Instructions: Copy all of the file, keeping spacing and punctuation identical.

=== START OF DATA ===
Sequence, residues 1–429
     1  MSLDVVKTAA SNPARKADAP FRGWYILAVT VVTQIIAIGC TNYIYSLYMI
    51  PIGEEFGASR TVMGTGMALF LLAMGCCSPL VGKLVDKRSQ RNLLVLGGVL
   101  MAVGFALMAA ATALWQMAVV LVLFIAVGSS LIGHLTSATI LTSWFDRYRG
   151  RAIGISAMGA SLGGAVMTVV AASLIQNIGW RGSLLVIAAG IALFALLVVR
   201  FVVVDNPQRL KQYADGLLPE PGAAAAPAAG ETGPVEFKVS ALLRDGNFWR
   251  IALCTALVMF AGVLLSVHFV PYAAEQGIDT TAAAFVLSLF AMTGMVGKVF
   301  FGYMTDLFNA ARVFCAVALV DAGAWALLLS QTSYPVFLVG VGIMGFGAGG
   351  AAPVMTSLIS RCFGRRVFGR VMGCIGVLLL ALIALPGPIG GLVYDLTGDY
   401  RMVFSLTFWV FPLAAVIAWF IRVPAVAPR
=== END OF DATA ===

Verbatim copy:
Sequence, residues 1–429
     1  MSLDVVKTAA SNPARKADAP FRGWYILAVT VVTQIIAIGC TNYIYSLYMI
    51  PIGEEFGASR TVMGTGMALF LLAMGCCSPL VGKLVDKRSQ RNLLVLGGVL
   101  MAVGFALMAA ATALWQMAVV LVLFIAVGSS LIGHLTSATI LTSWFDRYRG
   151  RAIGISAMGA SLGGAVMTVV AASLIQNIGW RGSLLVIAAG IALFALLVVR
   201  FVVVDNPQRL KQYADGLLPE PGAAAAPAAG ETGPVEFKVS ALLRDGNFWR
   251  IALCTALVMF AGVLLSVHFV PYAAEQGIDT TAAAFVLSLF AMTGMVGKVF
   301  FGYMTDLFNA ARVFCAVALV DAGAWALLLS QTSYPVFLVG VGIMGFGAGG
   351  AAPVMTSLIS RCFGRRVFGR VMGCIGVLLL ALIALPGPIG GLVYDLTGDY
   401  RMVFSLTFWV FPLAAVIAWF IRVPAVAPR